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Sigirya

melbourne
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385 posts
35 reviews
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Sigirya

What is the best time of the day to visit Sigirya and is it a half day or full day visit?

We are in this area for 3 night - so how would you suggest we spend this time - I would also like some down time at the resort.

Not interested in an elephant ride, but definitely interested in seeing wild elephants.

Thanks again everybody

Larraine

St Austell
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3,560 posts
32 reviews
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1. Re: Sigirya

Hi Larraine

Make it early ... very early, and allow yourself half a day. The reason you need to go there first thing is to do the climb before the sun hits that side of the rock, making it unbearably hot. You also tend to get crowds of people towards the middle of the day too.

I don't know where you are staying, but I always suggest that people visiting the Cultural Triangle make time to enjoy where they are staying, rather than be rushing here, there and everywhere. It isn't something I normally recommend, as I like to get away from the hotels to explore, but the Cultural Triangle has some great hotels in amazing settings. If you are based at one of the Habarana or Sigiriya hotels for example, you will find that the hotel grounds are great places to see wildlife; everything from large land monitors to lots of monkeys, the occasional mongoose and an huge variety of colourful birds and lizards. You might even spot a wild elephant around dusk if you are staying around Sigiriya.

Sue

St Austell
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3,560 posts
32 reviews
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2. Re: Sigirya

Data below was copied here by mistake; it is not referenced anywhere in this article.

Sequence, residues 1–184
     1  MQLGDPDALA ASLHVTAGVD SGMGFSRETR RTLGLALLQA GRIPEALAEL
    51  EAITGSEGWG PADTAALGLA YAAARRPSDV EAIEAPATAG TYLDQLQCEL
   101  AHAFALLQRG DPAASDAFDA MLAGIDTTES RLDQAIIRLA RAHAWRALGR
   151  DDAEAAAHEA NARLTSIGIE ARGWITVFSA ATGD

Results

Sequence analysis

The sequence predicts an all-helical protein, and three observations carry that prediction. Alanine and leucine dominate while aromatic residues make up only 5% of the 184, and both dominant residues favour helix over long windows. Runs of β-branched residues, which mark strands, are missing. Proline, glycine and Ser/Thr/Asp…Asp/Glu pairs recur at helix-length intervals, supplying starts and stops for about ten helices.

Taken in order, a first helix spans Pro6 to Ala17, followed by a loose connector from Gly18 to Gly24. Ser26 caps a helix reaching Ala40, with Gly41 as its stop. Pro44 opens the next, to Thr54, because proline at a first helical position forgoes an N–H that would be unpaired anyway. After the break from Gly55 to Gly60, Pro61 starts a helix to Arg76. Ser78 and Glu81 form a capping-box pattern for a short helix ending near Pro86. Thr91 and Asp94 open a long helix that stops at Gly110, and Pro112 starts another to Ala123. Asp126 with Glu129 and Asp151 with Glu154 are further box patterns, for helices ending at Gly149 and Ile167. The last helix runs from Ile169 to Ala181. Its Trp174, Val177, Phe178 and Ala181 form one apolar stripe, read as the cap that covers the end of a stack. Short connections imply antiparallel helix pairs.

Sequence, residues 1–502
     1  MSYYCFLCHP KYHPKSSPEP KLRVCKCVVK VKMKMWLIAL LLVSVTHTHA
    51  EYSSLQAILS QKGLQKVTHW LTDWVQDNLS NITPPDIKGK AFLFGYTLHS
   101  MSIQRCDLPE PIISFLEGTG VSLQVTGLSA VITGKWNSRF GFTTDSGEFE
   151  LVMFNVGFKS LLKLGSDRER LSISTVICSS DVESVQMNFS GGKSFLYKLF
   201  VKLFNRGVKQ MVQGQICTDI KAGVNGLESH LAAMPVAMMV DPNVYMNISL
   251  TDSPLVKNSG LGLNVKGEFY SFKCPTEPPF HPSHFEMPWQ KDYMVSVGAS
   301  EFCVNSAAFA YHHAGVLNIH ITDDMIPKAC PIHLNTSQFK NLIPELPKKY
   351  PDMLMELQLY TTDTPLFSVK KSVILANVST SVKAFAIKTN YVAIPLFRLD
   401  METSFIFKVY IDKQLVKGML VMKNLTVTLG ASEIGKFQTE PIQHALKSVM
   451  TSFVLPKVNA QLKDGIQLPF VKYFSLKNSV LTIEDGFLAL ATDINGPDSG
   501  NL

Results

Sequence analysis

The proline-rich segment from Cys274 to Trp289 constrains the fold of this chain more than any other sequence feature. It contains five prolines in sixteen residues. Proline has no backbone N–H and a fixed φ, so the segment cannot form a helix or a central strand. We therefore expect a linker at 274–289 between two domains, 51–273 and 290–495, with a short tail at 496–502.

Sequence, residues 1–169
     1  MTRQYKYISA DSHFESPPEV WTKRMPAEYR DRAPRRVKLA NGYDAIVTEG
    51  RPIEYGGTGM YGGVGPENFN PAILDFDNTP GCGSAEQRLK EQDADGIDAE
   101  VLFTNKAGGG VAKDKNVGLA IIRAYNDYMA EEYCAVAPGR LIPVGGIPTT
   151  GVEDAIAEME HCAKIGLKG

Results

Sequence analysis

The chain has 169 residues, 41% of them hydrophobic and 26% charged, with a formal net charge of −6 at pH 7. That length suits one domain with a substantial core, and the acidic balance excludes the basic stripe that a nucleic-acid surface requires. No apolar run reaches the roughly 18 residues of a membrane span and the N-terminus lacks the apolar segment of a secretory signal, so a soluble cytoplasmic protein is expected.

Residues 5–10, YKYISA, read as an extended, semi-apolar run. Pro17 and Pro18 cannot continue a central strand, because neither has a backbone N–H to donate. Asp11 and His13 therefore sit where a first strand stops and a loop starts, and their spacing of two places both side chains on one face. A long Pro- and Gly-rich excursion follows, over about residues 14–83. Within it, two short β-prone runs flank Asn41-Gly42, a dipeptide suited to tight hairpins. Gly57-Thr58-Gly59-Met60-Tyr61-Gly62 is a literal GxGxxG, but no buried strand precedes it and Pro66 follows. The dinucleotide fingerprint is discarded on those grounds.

Other places to visit on a 3 night stay in Cultural Triangle apart from Sigiriya:

Definitely one of the ancient cities .. either Polonnaruwa or Anuradhapura. Polonnaruwa is more compact and the sites are in better condition. It's nice to cycle round too, but Anuradhapura has more of a "living" feel and is the one I prefer, as I like to watch the pilgrims worshipping there, and all the Buddhist monks. Also, at Anuradhapura, you can visit nearby Mihintale at the same time. Mihintale is one of my favourite spots in the Cultural Triangle. It is a hilltop pilgrimage centre and sacred because it is where Buddhism was introduced to Sri Lanka. It's a really lovely place and has wonderful views too.

Dambulla is another easy trip, with its famous rock/cave temple, although I personally prefer the less visited (and cheaper!) Mulkirigala temple near Tangalle on the south coast, which you might pass if you are going on to Yala and are continuing to the south coast after that. Definitely try to fit in one or the other.

For wildlife lovers, apart from a jeep safari at Minneriya or similar, consider visiting Ritigala hillside monastery. Again, it's a ruin, but the jungly setting is fascinating. You walk up through twisted old trees and see much wildlife, particularly enormous butterflies, perhaps a snake or two, etc.

You'll certainly fill 3 days in the area and could find things to do for much longer, such as Pidurangala rock climb (the large rock outcrop next to Sigiriya, which gives the best ever view of Sigiriya from the top ... no crowds and no charge for this one either ;-) Or see the lovely Aukana Buddha statue, best viewed at sunrise.

Have lots of fun.

Sue

Hertfordshire...
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51 posts
49 reviews
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3. Re: Sigirya

Hi, I have a different question about Sigiriya. I am a bit of a clumsy downhill walker and wondered how steep it is to come down Sigiriya. The metal steps appear to stand out from the rock and the stone ones appear very steep. My questions are:

are the steps as bad as some pictures suggest?

Can I walk just part way, maybe to the lions feet without having a steep climb back down?

Many thanks for any comments.

Anne

Hertfordshire...
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51 posts
49 reviews
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4. Re: Sigirya

Hi, I have a different question about Sigiriya. I am a bit of a clumsy downhill walker and wondered how steep it is to come down Sigiriya. The metal steps appear to stand out from the rock and the stone ones appear very steep. My questions are:

are the steps as bad as some pictures suggest?

Can I walk just part way, maybe to the lions feet without having a steep climb back down?

Many thanks for any comments.

Anne

St Austell
Level Contributor
3,560 posts
32 reviews
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5. Re: Sigirya